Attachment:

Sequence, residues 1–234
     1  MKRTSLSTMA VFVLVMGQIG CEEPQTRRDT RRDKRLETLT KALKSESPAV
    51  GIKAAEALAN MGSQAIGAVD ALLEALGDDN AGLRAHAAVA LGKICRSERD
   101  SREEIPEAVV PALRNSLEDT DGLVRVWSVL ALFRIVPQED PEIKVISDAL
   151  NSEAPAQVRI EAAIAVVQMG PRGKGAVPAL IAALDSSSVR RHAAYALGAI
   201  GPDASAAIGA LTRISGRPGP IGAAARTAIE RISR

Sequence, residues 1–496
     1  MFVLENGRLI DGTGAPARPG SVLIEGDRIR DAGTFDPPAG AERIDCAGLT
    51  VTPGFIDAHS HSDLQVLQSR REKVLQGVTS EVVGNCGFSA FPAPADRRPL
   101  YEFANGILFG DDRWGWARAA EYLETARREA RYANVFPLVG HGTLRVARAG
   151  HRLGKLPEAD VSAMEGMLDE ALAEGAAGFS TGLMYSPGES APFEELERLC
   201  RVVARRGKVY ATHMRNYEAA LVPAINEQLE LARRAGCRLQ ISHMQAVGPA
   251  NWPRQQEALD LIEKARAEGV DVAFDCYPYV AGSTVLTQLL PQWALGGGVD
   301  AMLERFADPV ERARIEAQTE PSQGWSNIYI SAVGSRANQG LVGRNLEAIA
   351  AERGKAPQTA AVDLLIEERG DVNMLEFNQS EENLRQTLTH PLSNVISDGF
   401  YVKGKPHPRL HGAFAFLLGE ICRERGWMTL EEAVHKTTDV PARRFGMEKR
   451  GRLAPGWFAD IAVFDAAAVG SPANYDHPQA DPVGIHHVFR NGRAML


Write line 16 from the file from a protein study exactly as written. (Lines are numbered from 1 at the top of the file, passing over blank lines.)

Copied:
   401  YVKGKPHPRL HGAFAFLLGE ICRERGWMTL EEAVHKTTDV PARRFGMEKR